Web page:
The relationship between the work unit's conflict management styles and bullying at work: Moderation by conflict frequency

E. Baillien, G. Notelaers, S. Mathiessen, H. de Witte

Research output: Contribution to journalArticleAcademicpeer-review

Abstract

This study investigates the relationship between the work unit's conflict management styles and bullying at work. Inspired by the Dual Concern framework, the authors assume a positive relationship between avoiding, forcing and yielding and bullying and a negative relationship between problem-solving and bullying. Moreover, they expected these relationships to be intensified by conflict frequency. The results (N = 5062) reveal an unsatisfactory fit when not taking into account conflict frequency as a moderator. A multigroup SEM accounting for the moderating role of conflict frequency (five groups) does yield an acceptable fit: the 'very rarely' and 'yearly' group, and the 'monthly' and 'weekly' group show equal path coefficients. The 'daily' conflict group has its own parameters. Forcing and avoiding associate positively and problem-solving associates negatively with bullying; and these relationships intensify as a function of conflict frequency. There is no relationship between yielding and bullying at work within the various conflict frequency groups.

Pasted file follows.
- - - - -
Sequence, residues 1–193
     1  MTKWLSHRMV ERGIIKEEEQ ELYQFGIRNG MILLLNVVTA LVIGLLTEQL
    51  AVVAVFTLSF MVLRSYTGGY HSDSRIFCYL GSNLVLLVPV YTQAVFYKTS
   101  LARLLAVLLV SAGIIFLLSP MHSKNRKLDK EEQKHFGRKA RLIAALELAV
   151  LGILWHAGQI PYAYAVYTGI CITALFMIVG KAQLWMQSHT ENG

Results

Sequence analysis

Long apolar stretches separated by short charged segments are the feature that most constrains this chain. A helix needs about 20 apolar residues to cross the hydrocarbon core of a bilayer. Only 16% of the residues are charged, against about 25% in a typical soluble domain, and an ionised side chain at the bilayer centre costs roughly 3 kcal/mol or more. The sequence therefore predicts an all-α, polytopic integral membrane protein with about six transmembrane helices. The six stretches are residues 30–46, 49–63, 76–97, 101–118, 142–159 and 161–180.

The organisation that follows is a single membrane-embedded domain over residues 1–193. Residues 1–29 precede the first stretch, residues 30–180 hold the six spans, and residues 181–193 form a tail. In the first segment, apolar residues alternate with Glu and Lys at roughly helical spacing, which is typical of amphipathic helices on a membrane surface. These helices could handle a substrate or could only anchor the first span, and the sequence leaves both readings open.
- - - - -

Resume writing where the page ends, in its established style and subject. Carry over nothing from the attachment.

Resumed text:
Original languageEnglish
Pages (from-to)401-419
Number of pages19
JournalEconomic and Industrial Democracy
Volume32
Issue number3
DOIs
Publication statusPublished - Aug 2011

Keywords

  • bullying at work
  • conflict management styles
  • Dual Concern Theory
  • mobbing
  • multigroup analyses
  • SATISFACTION
  • BEHAVIOR
  • STRESS

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